Knut Hamsun's "Hunger," a groundbreaking psycho-novel, shows a man
reduced by his condition to a point where physiological and mental
impulses blow him around like a paper in the wind. The hero in
"Hunger" entertains grandiose ideas but can't sustain them for more
than a few moments. He engages in pointless antics and gives way to
spur-of-the-moment impulses. Though he wails and cries, it's clear
he enjoys his degradation. He may be the genius he thinks he is,
but could equally well be a charlatan. His contacts with other
people are minimal and glancing, and only add to his degraded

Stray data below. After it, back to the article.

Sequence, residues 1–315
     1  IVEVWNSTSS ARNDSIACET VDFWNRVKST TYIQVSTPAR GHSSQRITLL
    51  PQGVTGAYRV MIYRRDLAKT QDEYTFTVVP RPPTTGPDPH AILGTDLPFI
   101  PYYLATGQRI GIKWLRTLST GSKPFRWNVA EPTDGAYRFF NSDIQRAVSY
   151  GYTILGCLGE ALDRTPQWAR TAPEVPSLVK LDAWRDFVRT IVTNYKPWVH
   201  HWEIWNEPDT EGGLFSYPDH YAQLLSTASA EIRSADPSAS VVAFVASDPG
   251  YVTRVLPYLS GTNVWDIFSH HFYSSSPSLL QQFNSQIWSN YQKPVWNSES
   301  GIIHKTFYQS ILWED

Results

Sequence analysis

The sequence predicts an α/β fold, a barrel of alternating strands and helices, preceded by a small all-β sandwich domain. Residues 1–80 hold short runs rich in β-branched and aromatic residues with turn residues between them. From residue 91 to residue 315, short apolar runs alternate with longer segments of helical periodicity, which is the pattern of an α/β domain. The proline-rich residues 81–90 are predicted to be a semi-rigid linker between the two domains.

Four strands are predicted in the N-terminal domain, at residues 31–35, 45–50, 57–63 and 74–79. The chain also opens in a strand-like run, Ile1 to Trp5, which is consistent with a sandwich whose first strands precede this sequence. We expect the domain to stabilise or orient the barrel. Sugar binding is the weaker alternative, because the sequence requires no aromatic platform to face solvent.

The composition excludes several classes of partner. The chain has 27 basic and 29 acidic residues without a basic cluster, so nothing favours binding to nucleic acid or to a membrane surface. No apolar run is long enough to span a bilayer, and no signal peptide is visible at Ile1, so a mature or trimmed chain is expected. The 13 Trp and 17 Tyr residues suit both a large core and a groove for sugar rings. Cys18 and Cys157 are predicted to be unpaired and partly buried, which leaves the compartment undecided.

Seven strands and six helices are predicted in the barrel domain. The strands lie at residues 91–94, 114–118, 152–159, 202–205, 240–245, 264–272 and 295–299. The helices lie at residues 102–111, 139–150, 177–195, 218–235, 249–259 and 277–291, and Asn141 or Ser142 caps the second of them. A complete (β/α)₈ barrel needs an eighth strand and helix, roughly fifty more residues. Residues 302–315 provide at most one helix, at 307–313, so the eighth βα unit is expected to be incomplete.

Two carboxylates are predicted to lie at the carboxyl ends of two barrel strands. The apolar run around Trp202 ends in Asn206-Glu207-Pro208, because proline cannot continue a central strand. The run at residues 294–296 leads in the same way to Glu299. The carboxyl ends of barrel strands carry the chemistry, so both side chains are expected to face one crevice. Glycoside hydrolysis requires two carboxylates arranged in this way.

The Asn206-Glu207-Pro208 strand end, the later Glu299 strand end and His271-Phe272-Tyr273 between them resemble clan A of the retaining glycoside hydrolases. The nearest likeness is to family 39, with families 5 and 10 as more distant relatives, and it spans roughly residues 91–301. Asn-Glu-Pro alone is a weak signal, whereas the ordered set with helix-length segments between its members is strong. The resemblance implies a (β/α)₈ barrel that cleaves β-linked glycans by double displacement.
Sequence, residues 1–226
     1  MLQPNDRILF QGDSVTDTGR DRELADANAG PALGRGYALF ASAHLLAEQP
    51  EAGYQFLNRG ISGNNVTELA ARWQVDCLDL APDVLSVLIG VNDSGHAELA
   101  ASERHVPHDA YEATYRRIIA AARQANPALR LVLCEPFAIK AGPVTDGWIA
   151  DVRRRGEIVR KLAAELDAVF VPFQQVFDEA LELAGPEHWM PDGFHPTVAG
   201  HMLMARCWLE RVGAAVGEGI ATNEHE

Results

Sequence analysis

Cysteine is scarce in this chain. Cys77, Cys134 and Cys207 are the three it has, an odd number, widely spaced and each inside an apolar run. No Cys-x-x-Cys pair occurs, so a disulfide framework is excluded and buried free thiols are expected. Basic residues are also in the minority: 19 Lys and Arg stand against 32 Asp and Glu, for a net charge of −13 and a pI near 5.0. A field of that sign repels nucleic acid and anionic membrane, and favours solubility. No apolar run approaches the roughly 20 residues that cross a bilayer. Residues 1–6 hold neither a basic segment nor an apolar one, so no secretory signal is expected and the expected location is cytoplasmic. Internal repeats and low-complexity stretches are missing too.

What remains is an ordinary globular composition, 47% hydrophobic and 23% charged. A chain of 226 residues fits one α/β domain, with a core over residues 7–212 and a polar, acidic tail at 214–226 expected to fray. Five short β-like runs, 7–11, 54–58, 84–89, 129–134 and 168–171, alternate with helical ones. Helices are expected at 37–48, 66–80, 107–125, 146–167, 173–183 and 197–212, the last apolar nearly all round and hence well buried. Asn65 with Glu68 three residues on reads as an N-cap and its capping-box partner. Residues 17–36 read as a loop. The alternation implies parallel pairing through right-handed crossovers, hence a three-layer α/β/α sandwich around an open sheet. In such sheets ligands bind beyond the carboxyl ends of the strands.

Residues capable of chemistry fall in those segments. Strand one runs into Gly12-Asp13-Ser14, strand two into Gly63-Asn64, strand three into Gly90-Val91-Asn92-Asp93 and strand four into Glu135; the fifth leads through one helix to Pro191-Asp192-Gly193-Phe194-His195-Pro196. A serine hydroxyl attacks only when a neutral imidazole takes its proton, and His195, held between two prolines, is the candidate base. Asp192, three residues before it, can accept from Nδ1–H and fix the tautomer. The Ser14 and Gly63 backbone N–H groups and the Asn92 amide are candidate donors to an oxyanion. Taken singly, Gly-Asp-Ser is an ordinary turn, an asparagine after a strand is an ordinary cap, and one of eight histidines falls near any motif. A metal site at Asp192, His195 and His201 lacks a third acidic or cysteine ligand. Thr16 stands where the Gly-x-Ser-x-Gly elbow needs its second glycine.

state. You see life as lived from the bottom, in an atmosphere
where desperation acts as a kind of drug. Despite the rambling, the
novel's violent mood swings and the violation of fictional
protocols actually give it strength. "Hunger" remains a classic not
because it was influential or important in the history of the
novel, but because it still seems so readable and so true. Though
"Hunger" was written in the late 1800s, it is still painfully fresh
|Country of origin:
||229 x 152 x 5mm (L x W x T)
||Paperback - Trade
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